We have a group of friends who take turns hosting a themed pot luck dinner. It’s nothing fancy, just good home-cooked food. And at some point during dinner, someone might say “You know what I love during the winter? Congee.” The ensuing conversation will revolve around everyone’s personal preferences for flavours and accompaniments, et voila, we have the next theme for our next gathering.
Congee or Moy?
Our friends are from different backgrounds, so no matter what the cuisine, there is always animated discussion about what we grew up with, and how we like certain dishes. With congee, my dialect group (Hokkien) calls it moy, and my family like our grains of rice to be a bit more whole. A few of our friends from two other dialect groups like the grains completely disintegrated, closer to the style you find in restaurants.
Growing up, our flavours of choice, if not plain, would be slices of white fish with fresh ginger, or lightly seasoned pork made by dropping little nuggets of mince into boiling water. When we were feeling poorly with little appetite (or dreaded stomach bugs), the moy would be made as a very loose porridge, with more water than rice and the grains just split. The liquid kept us hydrated and provided just enough sustenance to tide us over until we could stomach more substantial food. It was perfect for lying in bed feeling sorry for yourself.
For our congee party, we provided the base and a few of our favourite condiments, and everyone else brought their own favourite bits to add to the mix. Most of which were already discussed and described in great detail with fond anecdotal childhood tales. Congee is a surprisingly social food, and a great way to share a bit about your family background. Possibly more so for Asians than Westerners, but we had some oat porridge based stories as well.
The recipe for congee is more of a loose guideline than a recipe, but I have included notes for variations. It’s another one of those ‘as you like it’ foods, so you may need to fiddle to get it the way you like it.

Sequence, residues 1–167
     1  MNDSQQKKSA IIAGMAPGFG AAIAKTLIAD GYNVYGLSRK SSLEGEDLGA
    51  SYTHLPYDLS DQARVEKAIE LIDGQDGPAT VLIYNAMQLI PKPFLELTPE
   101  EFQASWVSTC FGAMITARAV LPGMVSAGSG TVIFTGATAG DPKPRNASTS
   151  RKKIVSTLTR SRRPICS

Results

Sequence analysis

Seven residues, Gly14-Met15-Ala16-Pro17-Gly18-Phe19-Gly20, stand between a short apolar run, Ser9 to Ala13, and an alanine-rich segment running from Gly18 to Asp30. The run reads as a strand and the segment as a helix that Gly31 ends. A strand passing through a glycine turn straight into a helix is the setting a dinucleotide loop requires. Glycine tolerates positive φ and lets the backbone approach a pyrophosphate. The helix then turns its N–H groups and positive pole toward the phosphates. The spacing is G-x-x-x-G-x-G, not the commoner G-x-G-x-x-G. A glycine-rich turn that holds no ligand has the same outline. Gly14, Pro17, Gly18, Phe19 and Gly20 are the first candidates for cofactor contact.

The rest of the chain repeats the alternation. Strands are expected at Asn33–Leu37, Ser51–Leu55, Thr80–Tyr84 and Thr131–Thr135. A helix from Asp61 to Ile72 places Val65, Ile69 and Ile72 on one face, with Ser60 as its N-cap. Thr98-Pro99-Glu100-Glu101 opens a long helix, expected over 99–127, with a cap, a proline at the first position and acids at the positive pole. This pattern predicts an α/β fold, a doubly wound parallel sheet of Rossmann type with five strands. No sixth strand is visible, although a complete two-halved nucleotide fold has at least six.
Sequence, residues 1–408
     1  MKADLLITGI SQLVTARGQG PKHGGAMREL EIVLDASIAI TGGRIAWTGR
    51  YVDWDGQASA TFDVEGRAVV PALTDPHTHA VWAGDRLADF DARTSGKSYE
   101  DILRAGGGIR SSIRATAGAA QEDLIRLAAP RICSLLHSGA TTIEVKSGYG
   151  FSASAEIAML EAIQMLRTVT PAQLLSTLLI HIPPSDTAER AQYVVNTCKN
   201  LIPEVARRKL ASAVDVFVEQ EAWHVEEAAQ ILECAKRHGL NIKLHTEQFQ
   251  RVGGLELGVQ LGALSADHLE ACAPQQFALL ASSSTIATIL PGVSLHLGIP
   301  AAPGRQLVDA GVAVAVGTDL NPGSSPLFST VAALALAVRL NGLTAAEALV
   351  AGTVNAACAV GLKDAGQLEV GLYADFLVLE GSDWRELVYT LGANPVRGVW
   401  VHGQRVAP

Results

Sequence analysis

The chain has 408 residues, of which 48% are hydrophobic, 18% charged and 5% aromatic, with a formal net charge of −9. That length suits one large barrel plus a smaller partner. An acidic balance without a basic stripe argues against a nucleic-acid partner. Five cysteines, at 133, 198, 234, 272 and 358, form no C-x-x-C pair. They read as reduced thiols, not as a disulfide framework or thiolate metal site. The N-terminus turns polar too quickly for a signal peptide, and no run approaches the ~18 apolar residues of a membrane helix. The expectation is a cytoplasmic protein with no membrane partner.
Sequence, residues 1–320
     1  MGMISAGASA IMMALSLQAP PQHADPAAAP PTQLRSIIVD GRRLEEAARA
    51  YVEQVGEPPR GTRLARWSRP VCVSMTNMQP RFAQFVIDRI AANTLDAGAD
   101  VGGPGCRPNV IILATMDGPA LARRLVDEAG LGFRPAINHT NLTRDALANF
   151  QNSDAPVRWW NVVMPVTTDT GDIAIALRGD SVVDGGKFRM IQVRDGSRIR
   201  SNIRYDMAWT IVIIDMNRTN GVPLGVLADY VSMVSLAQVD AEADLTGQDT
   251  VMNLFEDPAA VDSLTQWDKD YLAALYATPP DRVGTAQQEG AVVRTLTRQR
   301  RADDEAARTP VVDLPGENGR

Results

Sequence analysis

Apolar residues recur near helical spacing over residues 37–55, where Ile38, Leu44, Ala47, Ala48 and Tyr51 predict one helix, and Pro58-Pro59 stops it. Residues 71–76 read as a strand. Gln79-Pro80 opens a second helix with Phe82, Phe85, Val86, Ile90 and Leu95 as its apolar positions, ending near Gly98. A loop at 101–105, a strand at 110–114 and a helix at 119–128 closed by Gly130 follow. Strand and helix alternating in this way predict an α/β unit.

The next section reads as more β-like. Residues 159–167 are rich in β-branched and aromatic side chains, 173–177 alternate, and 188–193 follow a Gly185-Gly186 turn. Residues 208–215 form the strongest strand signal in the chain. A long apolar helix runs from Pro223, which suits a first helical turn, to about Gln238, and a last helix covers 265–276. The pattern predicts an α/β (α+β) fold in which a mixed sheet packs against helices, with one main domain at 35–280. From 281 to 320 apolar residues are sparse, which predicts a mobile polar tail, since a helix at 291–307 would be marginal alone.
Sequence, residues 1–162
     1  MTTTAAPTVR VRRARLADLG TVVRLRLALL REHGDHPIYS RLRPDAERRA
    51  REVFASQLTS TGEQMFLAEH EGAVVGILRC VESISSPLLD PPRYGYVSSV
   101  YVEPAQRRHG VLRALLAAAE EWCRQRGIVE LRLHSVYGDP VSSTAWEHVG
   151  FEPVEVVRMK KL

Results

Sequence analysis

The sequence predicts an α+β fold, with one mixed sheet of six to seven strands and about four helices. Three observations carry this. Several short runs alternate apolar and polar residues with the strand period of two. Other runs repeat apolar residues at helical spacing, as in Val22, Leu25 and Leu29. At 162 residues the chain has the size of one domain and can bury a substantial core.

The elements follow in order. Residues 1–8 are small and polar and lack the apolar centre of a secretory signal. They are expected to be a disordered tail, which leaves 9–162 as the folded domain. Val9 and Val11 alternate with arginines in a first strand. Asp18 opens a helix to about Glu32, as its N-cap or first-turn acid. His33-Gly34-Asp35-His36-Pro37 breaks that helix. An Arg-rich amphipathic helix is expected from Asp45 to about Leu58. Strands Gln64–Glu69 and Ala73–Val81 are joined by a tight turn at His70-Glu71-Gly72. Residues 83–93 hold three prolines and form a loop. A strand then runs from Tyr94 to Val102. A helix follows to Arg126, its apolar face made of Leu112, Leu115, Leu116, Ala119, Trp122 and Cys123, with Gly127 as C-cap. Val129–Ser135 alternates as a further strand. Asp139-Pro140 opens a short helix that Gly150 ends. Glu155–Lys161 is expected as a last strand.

As for the accompaniments, well, how long is a piece of string?
These are three pantry staples which are just as good on rice as they are on congee for a quick meal.
- Pork (and less commonly) fish floss
Dried and shredded meat. It’s a form of meat crack. Good on plain rice, and with butter/margarine in sandwiches. You need the spread to hold it on the bread. I am not ashamed to admit to digging right into the container with a fork.
- Bamboo shoots in chilli oil
Exactly what it sounds like. Also great on rice.
- Pickled lettuce
I used to call it the ‘coin veg’. It’s pretty much pickled lettuce stem. It’s sweet and a tiny bit salty, and crunchy. I only have this with congee, but there’s no reason you couldn’t have it on rice as well.
Other things you might want for your congee bar:
- Century egg (pitan)
Eggs that have been preserved with nitrates (amongst other things) that turn the egg whites translucent black and the yolks a dark shade as well. It’s an acquired taste, but is extremely common in restaurant congees. One of my personal favourites, and is also great sliced into wedges with pickled ginger to have on rice. These come ready to eat. Just peel the shell.
- Salted duck egg
Also what it sounds like. Be aware that when you buy these, they sell them uncooked as well as cooked. Make sure you know which one you’ve picked up.
- Coriander (the leaf)
- Sliced spring onion
- White pepper
A black and sticky meat concentrate that is not to be confused with Marmite or Vegemite. It can be (poorly) substituted with Bonox if you must. Those who grew up with Bovril generally remember it fondly, and will have a ‘thing’ that they do that’s their comfort food thing. When not used for comfort food, Bovril can be used as a gravy booster.
- Fried shallots and garlic
- Light soy sauce
- Preserved or pickled vegetables
A category of items to which bamboo shoots in chilli oil and pickled lettuce belongs. It’s a broad category that usually occupies several shelves in the Asian supermarket. This includes things with the words ‘pickled’ or ‘preserved’ and ‘vegetable’ in the label. If you’re not sure, best get someone in the know to help you. This is definitely one of those times where picking at random may not be an ideal course of action.
- Fried gluten
Fried wheat gluten, usually comes in a can, and may be labelled ‘fried gluten’ or moulded to look like duck and labelled ‘mock duck’. I’m quite sure this is also called seitan. Sometimes contains whole peanuts. Either way, delicious on congee or rice.
- Fried mince
Just mince fried up with seasoning, garlic and whatever else you might feel like. Japanese has something similar that they call soboro, which can contain sugar in the seasoning, but I generally just use salt and pepper with chopped garlic.
Another recipe that I made for the party is one of my family’s home-food staples, steamed pork mince. The recipe used to be included in this post, but I’ve changed my recipe posting mechanisms and it only does one recipe per post, so I’ve written about it here.
 Talking about future meals during a meal? That’s just how we roll.